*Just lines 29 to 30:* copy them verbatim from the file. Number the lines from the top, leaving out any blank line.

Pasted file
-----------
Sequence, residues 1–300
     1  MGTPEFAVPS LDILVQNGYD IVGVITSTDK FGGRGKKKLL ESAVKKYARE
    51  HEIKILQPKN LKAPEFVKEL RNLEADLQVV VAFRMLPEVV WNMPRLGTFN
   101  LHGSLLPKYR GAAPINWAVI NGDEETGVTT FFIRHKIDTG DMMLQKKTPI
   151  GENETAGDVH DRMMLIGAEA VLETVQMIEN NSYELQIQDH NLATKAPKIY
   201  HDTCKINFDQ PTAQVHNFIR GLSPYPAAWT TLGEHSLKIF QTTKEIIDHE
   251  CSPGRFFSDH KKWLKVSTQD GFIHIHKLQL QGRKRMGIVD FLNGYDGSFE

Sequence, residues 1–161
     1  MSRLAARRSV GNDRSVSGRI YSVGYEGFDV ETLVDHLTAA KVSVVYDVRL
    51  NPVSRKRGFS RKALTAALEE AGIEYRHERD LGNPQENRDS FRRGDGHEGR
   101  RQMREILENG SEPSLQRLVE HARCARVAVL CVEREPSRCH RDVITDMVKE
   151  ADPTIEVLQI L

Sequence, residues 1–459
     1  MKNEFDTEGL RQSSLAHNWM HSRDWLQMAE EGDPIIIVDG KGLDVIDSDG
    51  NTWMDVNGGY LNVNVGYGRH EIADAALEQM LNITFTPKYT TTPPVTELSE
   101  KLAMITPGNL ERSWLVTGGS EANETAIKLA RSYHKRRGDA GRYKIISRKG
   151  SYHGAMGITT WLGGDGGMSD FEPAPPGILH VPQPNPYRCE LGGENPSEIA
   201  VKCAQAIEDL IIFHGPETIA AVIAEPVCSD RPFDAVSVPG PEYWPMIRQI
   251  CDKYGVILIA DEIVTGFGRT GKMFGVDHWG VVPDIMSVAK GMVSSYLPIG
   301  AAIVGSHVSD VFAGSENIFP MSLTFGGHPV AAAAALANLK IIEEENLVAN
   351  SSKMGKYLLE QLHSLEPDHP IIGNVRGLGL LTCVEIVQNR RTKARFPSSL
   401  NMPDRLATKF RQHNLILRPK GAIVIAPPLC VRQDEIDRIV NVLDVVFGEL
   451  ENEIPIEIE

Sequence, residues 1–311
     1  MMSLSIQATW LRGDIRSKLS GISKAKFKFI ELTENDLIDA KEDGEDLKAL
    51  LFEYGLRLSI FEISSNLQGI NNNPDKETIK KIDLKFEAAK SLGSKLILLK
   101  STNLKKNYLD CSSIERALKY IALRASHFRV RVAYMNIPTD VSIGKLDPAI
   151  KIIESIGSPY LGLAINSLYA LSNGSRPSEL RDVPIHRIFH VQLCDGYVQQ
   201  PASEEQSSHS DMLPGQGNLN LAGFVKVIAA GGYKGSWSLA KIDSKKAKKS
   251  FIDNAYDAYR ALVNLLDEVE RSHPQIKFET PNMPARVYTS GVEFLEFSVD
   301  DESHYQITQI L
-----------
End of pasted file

   201  PASEEQSSHS DMLPGQGNLN LAGFVKVIAA GGYKGSWSLA KIDSKKAKKS
   251  FIDNAYDAYR ALVNLLDEVE RSHPQIKFET PNMPARVYTS GVEFLEFSVD